What do an electrical insulator, a griffon, a photograph of labourers, a “Rolls Royce” guarantee and a tool set have in common? While changes large and small take place on different scales, they share certain similarities in development. Observation speaks volumes: technological innovations gradually modify the urban landscape, while architectural elements attest to domestic splendours demolished to make way for new commercial edifices. A “guarantee” of a “new” form of mobility is eloquent testimony to the financial success of its owner, and the apprentice architect conceives of a new world in which future generations will pursue the reassuring cycle of evolution.

© 2002, McCord Museum of Canadian History. All Rights Reserved.

Group of Workmen

This photograph shows a group of workmen demolishing buildings on University Street to make way for a high-rise. Montreal expanded rapidly in the pre-First World War period. Downtown, office buildings went up at a great rate, and in suburbs such as Mile End, on the city's northeast edge, housing construction boomed.

McCord Museum of Canadian History - Gift of Mr. Stanley G. Triggs
c. 1910
Silver salts on paper mounted on card - Gelatin silver process
10.2 x 12.6 cm
MP-0000.1297.1
© McCord Museum of Canadian History


In 1871, there were 14 construction workshops in the St. Jacques area of Montreal, each employing between 3 and 22 workers. The workers built office buildings and houses as well as specialized parts - doors and door frames - and also did building repairs. The area of Ste. Anne had three carpentry shops manufacturing doors and doorframes; they employed between 30 and 80 workers.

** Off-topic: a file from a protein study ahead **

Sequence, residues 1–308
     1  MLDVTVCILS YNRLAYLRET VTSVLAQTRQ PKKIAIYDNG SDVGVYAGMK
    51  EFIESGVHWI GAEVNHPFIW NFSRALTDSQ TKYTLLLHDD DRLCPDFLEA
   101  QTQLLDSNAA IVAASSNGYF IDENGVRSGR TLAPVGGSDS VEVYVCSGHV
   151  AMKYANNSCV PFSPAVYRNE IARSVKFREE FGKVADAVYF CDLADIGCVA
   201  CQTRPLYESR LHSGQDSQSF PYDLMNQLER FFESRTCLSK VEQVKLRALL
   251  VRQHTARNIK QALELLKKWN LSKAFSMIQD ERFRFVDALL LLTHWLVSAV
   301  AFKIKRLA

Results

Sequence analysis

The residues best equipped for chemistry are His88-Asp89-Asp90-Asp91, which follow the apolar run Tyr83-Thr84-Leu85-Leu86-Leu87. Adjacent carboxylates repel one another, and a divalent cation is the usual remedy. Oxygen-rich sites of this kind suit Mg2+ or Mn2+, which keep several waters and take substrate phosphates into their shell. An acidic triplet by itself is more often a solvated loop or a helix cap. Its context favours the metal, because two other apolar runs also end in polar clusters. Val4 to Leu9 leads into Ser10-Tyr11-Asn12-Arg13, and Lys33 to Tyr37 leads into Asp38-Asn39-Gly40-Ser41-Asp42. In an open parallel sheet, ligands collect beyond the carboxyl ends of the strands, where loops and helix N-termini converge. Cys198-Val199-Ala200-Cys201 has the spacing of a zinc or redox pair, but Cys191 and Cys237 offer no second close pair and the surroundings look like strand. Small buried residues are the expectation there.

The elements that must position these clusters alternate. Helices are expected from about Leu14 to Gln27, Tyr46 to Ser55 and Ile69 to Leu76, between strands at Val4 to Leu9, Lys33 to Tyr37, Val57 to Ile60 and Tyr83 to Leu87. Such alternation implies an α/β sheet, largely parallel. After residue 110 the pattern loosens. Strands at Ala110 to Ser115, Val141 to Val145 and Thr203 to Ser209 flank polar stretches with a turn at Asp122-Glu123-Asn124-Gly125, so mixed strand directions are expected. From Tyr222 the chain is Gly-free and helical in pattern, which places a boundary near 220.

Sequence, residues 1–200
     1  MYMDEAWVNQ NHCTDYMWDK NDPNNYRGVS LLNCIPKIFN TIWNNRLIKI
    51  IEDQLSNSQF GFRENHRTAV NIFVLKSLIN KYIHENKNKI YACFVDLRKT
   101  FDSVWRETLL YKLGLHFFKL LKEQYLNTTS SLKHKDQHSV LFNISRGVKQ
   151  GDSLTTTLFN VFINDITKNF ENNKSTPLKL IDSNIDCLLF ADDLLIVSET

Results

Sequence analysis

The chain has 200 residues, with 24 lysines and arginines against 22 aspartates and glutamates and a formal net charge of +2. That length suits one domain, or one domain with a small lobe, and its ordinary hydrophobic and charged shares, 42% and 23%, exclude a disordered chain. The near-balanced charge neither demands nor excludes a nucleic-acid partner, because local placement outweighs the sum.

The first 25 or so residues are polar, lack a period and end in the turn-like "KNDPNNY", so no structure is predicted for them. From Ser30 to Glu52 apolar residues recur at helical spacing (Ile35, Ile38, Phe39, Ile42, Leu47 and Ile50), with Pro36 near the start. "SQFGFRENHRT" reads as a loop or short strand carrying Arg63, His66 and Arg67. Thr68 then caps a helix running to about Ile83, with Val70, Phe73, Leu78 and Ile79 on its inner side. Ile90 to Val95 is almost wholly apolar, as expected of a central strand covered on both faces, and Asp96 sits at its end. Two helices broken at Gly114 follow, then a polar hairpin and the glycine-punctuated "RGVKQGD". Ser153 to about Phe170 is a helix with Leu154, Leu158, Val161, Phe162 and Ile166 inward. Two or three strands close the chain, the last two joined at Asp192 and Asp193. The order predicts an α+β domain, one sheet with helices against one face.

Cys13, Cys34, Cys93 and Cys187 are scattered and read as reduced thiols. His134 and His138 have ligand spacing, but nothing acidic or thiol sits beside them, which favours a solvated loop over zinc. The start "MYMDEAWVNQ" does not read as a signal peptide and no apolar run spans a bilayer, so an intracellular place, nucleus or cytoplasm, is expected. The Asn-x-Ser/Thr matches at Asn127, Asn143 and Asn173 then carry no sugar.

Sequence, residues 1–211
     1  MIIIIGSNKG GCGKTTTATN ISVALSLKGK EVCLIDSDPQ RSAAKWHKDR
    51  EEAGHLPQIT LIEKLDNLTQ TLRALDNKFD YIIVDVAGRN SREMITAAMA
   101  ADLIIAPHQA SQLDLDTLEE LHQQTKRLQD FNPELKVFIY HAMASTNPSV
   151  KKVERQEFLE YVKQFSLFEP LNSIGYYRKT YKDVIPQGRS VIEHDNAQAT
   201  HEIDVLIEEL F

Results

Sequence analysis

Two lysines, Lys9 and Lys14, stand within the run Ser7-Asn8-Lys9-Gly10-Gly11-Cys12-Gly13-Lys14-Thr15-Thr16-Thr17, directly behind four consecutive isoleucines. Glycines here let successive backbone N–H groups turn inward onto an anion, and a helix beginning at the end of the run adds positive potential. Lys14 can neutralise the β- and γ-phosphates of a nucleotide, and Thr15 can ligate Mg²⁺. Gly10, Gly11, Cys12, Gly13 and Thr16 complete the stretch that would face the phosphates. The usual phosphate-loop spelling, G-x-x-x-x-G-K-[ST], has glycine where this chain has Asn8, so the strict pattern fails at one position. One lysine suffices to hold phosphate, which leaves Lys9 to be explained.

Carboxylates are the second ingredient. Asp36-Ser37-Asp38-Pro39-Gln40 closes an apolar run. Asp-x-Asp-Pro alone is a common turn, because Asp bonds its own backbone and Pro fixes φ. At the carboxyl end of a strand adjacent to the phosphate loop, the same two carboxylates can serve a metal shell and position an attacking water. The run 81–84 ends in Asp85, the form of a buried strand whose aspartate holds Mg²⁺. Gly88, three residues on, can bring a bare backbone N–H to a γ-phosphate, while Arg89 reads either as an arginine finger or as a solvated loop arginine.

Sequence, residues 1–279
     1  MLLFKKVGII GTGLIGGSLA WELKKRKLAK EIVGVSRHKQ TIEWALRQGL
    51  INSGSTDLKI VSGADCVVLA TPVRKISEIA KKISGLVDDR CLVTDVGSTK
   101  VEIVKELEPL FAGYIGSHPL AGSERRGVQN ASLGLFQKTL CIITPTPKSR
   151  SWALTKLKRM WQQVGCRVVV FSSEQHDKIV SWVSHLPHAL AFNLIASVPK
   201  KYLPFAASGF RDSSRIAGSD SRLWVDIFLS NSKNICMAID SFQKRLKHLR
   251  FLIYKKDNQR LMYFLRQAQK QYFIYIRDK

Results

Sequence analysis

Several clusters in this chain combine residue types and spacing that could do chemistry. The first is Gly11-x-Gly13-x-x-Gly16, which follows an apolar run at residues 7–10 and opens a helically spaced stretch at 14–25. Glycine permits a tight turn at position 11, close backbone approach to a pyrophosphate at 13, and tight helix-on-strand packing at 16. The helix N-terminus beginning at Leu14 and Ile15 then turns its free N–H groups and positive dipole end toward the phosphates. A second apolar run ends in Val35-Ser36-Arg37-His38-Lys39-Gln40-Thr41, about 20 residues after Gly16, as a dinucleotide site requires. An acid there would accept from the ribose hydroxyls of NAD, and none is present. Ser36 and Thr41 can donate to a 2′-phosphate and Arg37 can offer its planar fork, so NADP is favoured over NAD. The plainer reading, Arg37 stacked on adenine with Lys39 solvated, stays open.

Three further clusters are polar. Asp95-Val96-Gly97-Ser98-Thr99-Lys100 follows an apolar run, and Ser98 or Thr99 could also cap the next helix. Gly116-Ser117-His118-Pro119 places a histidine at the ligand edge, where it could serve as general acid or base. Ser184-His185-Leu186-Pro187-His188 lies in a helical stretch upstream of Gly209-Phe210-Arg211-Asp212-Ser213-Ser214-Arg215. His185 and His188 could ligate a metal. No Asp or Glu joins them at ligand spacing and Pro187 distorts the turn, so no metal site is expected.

Carpenters who worked in construction around the city had to provide and maintain their own tools. They also had to contend with the fact that workshops sometimes disappeared after a job was done, leaving the employees unemployed and unpaid. Other employers often delayed paying their workers. In general, however, workers who had jobs in shops were better off than those who worked on building sites. Work stopped completely on exterior jobs during the winter months, and many families suffered great hardship.

In the 1880s, construction workers employed by workshops in Montreal often had to spend from $100 to $125 to buy their own tools and $10 to $15 each year to maintain the equipment. Such expenses were onerous to men earning from $1.50 to $2 a day.
In 1871, there were 14 construction workshops in the St. Jacques area of Montreal, each employing between 3 and 22 workers. The workers built office buildings and houses as well as specialized parts - doors and door frames - and also did building repairs. The area of Ste. Anne had three carpentry shops manufacturing doors and doorframes; they employed between 30 and 80 workers.